In childhood, he was hidden from human eyes, every night nightmares stood near his bed, in his youth he knew only one color - black. He was a madman, he was a warrior, he was a creator and he saved himself from the abyss of dark visions, letting bright colors into his life. Odilon Redon is an artist and thinker, the forerunner of surrealism, who argued that dreams are more real than reality.
Redon was born in 1840 in the province of Bordeaux. He spent the first eleven years of his life at the Peyerbald family estate in France, and those days were darkened by separation from his parents and almost complete loneliness. From early childhood he was tormented by mysterious seizures, and his parents, frightened by gossip, hastened to hide their "failed" child from the eyes of their acquaintances. Those years Redon invariably recalled with pain and until his last days concealed a grudge against his father.
Then Odilon changed several schools, each of which, with its noise and many demands, only aggravated his condition. Attacks of anxiety and sudden fear wore Redon throughout his youth, and for him reality and terrible dreams were intertwined into a single canvas. Over time, in order to get rid of intrusive images, he began to transfer them to paper.
He lived according to the principle “you cannot see the main thing with your eyes” - but in a special, phantasmagoric understanding. Redon believed in the existence of an inner vision, a gaze directed to the recesses of the soul. Black drawings, "blackness", as he called them, made with charcoal, brought out the most secret phobias and nightmares.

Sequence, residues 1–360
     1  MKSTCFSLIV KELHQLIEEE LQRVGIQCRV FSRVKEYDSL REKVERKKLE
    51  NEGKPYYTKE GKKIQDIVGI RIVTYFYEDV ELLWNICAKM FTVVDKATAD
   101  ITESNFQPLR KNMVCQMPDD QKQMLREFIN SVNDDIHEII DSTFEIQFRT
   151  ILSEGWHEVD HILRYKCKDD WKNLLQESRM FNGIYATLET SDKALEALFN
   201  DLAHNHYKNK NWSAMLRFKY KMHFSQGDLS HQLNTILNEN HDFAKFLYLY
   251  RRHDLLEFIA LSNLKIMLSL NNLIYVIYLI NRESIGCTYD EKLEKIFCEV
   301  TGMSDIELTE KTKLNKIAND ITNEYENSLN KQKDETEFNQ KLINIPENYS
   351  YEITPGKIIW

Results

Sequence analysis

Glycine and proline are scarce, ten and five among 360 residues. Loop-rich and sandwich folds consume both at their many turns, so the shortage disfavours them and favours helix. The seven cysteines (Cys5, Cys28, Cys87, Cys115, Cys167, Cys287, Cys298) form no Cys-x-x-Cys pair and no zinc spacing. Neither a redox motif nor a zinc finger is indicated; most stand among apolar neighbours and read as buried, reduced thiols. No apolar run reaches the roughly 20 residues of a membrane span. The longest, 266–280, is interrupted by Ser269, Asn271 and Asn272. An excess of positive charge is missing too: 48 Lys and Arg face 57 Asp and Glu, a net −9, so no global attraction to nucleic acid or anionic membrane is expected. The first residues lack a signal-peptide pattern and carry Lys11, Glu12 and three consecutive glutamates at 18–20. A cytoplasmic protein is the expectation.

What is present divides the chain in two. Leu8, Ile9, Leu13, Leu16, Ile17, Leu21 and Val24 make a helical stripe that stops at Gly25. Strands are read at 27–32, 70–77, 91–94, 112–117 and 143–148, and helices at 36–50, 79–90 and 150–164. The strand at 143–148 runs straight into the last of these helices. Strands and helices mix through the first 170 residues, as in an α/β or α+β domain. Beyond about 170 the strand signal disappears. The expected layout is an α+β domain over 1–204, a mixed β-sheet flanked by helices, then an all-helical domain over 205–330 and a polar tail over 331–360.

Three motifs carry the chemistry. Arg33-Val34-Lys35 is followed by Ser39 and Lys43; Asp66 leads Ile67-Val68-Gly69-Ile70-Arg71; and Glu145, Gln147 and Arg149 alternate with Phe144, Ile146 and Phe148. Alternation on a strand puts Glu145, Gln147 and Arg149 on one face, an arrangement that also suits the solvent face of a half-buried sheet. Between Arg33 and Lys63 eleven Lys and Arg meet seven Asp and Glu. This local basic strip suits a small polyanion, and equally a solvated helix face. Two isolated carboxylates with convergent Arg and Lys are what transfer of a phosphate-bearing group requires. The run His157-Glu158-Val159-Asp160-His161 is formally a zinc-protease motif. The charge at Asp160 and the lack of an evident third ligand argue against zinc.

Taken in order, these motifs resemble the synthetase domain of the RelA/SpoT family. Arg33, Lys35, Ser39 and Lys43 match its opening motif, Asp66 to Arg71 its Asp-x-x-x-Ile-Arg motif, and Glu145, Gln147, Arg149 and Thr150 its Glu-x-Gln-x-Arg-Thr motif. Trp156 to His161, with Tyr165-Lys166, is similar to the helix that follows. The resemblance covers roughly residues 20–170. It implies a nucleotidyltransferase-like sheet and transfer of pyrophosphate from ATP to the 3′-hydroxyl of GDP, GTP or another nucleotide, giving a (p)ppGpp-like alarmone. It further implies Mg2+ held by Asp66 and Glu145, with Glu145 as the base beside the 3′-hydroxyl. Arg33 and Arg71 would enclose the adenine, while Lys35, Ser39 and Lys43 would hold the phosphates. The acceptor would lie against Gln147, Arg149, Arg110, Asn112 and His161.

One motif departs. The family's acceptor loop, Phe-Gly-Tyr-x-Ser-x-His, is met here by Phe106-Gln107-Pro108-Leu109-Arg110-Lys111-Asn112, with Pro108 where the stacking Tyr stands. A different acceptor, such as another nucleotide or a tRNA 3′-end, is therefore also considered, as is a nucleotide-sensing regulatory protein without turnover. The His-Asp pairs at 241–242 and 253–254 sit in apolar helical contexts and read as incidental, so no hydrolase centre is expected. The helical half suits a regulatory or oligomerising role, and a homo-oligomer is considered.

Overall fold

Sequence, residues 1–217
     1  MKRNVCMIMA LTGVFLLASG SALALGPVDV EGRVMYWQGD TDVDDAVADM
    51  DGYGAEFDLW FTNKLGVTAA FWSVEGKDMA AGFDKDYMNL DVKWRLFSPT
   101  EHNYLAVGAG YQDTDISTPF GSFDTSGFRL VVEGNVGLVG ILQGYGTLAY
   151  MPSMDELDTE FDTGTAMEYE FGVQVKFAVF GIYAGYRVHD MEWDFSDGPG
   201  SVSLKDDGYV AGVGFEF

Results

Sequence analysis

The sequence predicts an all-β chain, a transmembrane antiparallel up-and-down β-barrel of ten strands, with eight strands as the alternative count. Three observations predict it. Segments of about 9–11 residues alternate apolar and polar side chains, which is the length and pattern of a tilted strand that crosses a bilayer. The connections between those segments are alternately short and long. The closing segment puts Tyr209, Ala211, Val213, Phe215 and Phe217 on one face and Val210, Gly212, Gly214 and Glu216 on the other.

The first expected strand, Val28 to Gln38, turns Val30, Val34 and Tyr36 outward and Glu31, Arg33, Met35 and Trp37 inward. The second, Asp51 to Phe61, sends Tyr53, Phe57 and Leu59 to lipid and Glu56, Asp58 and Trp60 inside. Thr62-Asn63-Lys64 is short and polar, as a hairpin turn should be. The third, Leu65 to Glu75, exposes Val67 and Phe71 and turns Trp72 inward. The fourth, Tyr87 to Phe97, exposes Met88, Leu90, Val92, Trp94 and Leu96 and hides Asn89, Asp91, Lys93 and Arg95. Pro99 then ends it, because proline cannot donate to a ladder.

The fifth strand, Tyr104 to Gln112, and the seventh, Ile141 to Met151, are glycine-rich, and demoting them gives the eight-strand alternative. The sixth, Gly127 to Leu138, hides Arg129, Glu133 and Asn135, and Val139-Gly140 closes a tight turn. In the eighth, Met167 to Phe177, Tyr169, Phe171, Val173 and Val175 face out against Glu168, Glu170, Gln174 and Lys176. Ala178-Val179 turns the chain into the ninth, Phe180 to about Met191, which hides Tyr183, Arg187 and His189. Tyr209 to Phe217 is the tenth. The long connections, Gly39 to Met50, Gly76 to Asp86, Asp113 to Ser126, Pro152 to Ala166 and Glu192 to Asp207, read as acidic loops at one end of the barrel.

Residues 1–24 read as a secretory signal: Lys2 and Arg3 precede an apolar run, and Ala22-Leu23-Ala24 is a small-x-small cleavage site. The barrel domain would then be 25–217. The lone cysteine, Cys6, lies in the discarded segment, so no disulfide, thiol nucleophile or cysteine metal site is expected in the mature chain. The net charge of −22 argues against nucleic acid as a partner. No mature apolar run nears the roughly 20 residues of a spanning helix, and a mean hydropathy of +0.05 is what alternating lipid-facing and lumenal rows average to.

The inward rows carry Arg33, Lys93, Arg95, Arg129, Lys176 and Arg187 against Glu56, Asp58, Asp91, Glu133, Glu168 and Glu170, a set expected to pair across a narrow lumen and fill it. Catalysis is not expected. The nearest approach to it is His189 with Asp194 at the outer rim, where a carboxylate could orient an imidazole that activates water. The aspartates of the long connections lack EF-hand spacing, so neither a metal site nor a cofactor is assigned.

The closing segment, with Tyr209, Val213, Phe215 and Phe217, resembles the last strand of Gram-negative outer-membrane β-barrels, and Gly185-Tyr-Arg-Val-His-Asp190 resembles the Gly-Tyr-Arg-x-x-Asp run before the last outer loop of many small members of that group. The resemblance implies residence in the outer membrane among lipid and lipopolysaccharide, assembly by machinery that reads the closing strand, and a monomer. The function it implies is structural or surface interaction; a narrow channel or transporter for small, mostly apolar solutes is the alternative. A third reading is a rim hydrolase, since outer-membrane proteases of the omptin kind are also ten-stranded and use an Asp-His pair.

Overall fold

Ravens, anthropomorphic spiders, torn out eyes on stalks, painful metamorphoses of the human body and unexpected interpretations of familiar objects made an unprepared viewer shudder. "I endow human life with incredible creatures, forcing them to live according to the laws of plausibility and putting … the logic of the visible at the service of the invisible" - wrote the artist in his diary, who led his entire life.
However, Redon himself did not try to gain fame for a long time and drew on the table. Having failed in 1857 on the first exam to the Paris School of Fine Arts (the father remembered the existence of his son and decided that he should become an architect), he lost faith in himself and the ability to say something to the world.
And then the family came to the rescue - the elder brother took over the patronage of Odilon and introduced him to the circle of French intellectuals. They met Rudolf Breden, the Symbolist engraver who inspired Redon to work with graphics. In 1864, he again stormed the walls of the School of Fine Arts in Paris and became a student of Jean-Léon Jerome, and studied lithography under the famous Symbolist and decadent Henri Fantin-Latour. They considered him not so much a student as a friend, a like-minded person, and introduced him to Baudelaire's poetry. Baudelaire's aesthetic poisons infuriated Redon's soul so much that he completed a cycle of illustrations for the legendary Flowers of Evil. Nothing reflected his inner world more than the dark lines of this poem.